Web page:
Synchronous Events

Local/In Memory Events and Event Handling in RCommon.

Local events are events which are raised and then handled in memory. Keep in mind that the term "local event" is not a technical term, but rather a way of delineating between events which are raised and handled in memory vs. events which may be raised in memory but distributed to applications outside of your domain where they are consumed/handled.

While events are not a new thing for developers, RCommon has implemented them in a variety of meaningful patterns which allow you to jump past having to think through plumbing/infrastructure code and go right into building your application.

Transactional (a.k.a. Deferred) Events

As is common with business entities (domain objects in DDD terms), you will need to rely on using methods to change properties of your entities so that you can raise events (domain events in DDD terms) which notify other areas of your application that an entity has been added, updated, deleted, etc. This is all part of avoiding anemic entity models. However, in many cases you will not want to raise those events until some transactional behavior has been exercised. Common behaviors that trigger events to be raised are persistence, or other application state changes. Maintaining an in-memory repository of events ensures that your events only get published/dispatched when you explicitly instruct it your application to do so.

The easiest way to leverage this functionality is to have your entity classes inherit from BusinessEntity.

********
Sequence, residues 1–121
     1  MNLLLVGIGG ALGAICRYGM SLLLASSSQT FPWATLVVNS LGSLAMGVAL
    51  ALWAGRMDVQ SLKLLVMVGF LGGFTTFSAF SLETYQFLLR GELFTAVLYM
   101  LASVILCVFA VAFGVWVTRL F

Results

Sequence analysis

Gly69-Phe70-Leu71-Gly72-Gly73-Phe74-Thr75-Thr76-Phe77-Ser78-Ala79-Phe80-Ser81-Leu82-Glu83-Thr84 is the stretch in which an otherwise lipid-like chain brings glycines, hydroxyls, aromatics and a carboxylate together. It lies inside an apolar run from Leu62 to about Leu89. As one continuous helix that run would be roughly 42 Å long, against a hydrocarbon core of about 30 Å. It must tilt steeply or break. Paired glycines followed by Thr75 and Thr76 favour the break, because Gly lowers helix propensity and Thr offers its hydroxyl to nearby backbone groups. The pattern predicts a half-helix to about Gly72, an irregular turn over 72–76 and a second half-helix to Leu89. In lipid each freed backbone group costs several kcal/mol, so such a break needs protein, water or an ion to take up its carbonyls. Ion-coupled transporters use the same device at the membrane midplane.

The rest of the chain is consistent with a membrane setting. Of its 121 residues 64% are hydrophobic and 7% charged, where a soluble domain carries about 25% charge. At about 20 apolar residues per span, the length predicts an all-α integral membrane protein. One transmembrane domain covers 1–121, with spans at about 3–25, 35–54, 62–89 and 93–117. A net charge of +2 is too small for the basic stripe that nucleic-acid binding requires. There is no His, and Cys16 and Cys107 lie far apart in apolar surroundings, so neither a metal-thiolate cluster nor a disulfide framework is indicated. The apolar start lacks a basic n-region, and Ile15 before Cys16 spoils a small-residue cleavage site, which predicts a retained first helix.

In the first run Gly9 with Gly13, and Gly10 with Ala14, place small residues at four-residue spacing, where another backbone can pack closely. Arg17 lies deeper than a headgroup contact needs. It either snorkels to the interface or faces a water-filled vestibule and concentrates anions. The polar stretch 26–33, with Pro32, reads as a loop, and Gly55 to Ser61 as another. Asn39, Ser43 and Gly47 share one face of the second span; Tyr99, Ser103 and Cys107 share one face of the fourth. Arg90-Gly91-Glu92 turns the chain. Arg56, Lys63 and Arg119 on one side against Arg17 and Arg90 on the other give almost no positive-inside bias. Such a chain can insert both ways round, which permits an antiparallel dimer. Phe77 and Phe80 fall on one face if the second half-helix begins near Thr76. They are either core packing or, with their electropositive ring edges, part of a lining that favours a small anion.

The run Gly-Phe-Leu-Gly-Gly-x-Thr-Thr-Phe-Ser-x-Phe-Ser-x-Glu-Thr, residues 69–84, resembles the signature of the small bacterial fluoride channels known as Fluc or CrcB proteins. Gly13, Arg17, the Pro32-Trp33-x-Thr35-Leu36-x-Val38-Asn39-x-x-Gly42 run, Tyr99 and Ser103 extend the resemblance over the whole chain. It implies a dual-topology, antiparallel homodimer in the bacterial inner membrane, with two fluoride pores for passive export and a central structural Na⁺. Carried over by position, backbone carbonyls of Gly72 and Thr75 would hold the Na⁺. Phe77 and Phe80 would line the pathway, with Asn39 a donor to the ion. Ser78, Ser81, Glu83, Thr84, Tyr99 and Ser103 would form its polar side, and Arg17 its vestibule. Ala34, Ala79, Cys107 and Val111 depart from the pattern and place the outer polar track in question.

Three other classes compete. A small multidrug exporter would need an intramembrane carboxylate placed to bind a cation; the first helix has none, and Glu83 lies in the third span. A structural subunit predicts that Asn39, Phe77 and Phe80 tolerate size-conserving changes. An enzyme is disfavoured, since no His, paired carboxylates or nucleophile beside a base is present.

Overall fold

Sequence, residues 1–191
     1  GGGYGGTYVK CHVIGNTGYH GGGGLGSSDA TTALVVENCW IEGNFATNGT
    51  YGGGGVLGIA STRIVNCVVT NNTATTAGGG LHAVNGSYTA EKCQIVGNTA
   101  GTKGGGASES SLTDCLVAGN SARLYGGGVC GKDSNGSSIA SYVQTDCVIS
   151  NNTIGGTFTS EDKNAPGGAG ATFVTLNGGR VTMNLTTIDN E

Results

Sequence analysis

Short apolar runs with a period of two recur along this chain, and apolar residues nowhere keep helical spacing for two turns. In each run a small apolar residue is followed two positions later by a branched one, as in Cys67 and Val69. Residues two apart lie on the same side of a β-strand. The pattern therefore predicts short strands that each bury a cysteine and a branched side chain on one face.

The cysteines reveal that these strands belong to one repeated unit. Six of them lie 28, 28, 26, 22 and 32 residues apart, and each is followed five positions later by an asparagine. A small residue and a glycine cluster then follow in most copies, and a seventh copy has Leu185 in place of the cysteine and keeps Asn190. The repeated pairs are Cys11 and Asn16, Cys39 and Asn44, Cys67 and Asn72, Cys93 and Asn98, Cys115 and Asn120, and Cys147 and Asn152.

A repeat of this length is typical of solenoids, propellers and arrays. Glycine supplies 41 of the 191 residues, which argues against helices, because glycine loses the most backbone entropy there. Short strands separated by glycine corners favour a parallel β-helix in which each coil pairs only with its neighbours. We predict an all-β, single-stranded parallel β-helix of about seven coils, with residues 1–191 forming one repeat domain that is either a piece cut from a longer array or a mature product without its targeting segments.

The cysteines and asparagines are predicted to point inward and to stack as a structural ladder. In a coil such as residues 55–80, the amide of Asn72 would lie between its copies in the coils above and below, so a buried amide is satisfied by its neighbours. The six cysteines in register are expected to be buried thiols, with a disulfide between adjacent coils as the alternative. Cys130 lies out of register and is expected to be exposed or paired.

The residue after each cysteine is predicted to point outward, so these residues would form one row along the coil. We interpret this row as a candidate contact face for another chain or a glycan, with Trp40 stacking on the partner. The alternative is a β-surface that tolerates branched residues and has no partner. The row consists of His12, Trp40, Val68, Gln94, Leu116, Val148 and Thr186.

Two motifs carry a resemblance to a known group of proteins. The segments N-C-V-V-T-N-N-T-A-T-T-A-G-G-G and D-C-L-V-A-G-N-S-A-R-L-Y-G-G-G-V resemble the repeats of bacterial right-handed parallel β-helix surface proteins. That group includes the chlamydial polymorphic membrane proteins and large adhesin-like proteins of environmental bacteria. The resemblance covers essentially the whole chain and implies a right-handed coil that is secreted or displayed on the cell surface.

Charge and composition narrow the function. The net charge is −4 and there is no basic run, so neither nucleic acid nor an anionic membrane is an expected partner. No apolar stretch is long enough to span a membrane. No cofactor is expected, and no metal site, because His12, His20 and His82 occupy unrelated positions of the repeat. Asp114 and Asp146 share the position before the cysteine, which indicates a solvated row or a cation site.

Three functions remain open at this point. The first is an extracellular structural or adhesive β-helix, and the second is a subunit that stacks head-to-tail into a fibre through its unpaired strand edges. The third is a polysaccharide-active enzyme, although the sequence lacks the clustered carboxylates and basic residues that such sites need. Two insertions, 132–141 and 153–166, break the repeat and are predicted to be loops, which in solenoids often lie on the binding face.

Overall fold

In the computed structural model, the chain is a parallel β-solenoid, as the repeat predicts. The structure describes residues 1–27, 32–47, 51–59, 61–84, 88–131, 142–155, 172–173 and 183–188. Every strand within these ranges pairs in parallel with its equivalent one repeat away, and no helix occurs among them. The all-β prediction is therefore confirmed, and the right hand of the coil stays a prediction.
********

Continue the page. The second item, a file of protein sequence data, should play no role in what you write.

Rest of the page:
public class Alarm : BusinessEntity<Guid>

    public Alarm()


    public string Name { get; set; }
    public bool Enabled { get; set; }

    private void EnableAlarm()
        this.Enabled = true;
        this.AddLocalEvent(new AlarmEnabledLocalEvent(this));

    private void DisableAlarm()
        this.Enabled = false;
        this.AddLocalEvent(new AlarmDisabledLocalEvent(this));

From there, you can rely on a simple extension method to traverse your entity (and all objects in your graph) and publish/dispatch the local events you've stored in your business entities.

Entity Persistence Events

One of the biggest advantages of using the repository pattern within RCommon is that we've already implemented all the plumbing for capturing transactional events as part of the persistence workflow. Any transactional events you raise as part of your entity logic will get published/dispatched along with the entity's state changes (entity is added, changed, or deleted) just prior to the persistence occurring. This behavior allows any event handlers that your application fires to process any logic (and particularly persistence logic) as part of a single Unit of Work.

Events Published/Dispatched During Persistence

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